The Clash Of Cultures Fighting For Super League

There's so much at stake for Toronto and Featherstone
10:00, 05 Oct 2019

The contrast between Toronto and Featherstone could not be greater.

One, a bustling cosmopolitan metropolis with a population of more than 2.9million. The other, a former Yorkshire mining village, home to around 15,000 people. 


Yet this Saturday, the respective rugby league teams of these polar opposite environments will meet to fight for a place in Super League with neither having been there before.

Sure, Featherstone have played in the top flight during their long and proud history but never in the summer era. While neighbours Castleford and Wakefield have enjoyed relative success in the meantime, Rovers have plodded on, punching above their weight in the Championship and dreaming big without ever quite making the leap to Super League. 

It’s a finish to the Championship season few could have predicted as recently as a month ago. True, Toronto were always expected to be the team which cruised through the division. Their expensively-assembled squad led the way from day one, and as one of the few full-time clubs outside Super League they had a huge advantage over their rivals. The eight-hour transatlantic trip faced by their opponents is another considerable advantage. 

As the team that finished top after the regular season, Toronto needed to win just one game to reach the Grand Final and, handily for them, it will be at home too.

But wait, there’s a twist. Only one team have ever beaten Toronto on their home ground in Championship competition, and that was Featherstone last season. Confidence will not be an issue for Ryan Carr and his players.

Featherstone’s pathway to this point has been decidedly more difficult than the Wolfpack’s. After finishing fifth, they needed to win away at the three teams that finished immediately above them to progress - Leigh Centurions, York City Knights and Toulouse Olympique. Every one of those challenges was met, and their most recent success in the south of France was truly exceptional. It is this improvement in form under Carr, their highly-rated Australian coach, which should have removed any complacency from the Canadians.

But let’s not forget, Toronto have been here before. Last year they were overwhelming favourites to beat London in the Million Pound Game yet were beaten 4-2 in Canada. Under former Leeds coach Brian McDermott, Toronto finished the regular season 12 points clear of second-placed Toulouse, the only team to beat them in 2019.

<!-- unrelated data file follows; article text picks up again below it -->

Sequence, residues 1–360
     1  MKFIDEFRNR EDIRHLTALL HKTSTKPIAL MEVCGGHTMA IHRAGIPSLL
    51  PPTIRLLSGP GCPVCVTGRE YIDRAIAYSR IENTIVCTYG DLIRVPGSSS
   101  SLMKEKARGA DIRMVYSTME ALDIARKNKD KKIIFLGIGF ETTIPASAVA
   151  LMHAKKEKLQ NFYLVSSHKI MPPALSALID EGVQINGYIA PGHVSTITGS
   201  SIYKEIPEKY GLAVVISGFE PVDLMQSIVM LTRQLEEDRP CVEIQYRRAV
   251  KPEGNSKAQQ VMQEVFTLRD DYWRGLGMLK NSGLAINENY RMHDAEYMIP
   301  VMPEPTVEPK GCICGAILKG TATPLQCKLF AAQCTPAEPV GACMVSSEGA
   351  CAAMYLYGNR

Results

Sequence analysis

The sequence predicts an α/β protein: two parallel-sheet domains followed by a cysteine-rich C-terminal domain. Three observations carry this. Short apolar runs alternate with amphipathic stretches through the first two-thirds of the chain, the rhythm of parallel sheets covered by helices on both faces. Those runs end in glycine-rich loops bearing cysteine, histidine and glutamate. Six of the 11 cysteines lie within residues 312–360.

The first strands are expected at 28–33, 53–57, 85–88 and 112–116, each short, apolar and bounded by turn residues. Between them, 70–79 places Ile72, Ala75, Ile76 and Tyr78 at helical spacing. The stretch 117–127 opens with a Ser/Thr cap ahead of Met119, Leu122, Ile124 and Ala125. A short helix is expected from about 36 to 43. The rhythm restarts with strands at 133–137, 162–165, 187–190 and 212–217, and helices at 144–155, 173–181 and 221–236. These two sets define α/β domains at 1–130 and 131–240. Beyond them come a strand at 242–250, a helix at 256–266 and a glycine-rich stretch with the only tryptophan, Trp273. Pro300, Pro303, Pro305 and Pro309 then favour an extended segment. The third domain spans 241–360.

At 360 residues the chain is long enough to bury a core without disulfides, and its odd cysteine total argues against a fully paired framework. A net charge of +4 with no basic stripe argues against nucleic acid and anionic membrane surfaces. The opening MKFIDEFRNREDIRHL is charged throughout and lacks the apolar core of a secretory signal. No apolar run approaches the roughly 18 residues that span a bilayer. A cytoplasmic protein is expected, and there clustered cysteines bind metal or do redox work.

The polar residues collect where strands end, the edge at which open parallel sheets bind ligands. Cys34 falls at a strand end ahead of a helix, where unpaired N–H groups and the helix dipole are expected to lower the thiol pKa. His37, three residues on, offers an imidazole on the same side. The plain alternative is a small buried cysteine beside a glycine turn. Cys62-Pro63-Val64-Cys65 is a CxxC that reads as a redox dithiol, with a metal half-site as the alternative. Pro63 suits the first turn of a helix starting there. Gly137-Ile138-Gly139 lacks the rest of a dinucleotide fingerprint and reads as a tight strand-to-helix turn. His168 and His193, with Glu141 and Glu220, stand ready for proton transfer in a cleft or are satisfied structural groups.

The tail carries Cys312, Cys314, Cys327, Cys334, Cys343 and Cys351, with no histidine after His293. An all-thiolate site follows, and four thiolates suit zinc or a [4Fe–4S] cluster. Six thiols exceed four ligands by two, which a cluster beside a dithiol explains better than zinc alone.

The Wolfpack have been in existence for only three years, starting in League One and working their way up. Their inclusion in the British competition has been the subject of much debate since and will continue to be a bone of contention with many traditionalists.

This is a fixture which looks to have split neutrals down the middle. Having a team in Canada, as well as France, makes Super League a truly global competition; Toronto is a vibrant, multi-cultural city where sport is an important part of everyday life. 

While rugby league may struggle to command the kind of coverage that ice hockey, baseball and soccer enjoys, it has made notable inroads and enjoys its fair share of column inches from a curiously receptive sports media. Super League fans from England may be tempted by the idea of taking a mini-break in Toronto but is it just too expensive for supporters already shelling out for trips to Catalans Dragons, the Magic Weekend and the Challenge Cup Final?

And then there is Featherstone, the David to Toronto’s Goliath. They are a proud club which enjoys an important place in the heart of its community. The fans revel in the nickname ‘The Flatcappers’ and have dreamed of a spot on the sport’s top table for more than 25 years. Rovers’ promotion would mean the return of derbies against Castleford and clashes against their ‘big city’ neighbours Wakefield and Leeds.

They could barely be more different except in one aspect. For both, promotion would be the perfect ending to a fairytale season.


Main image: SWpix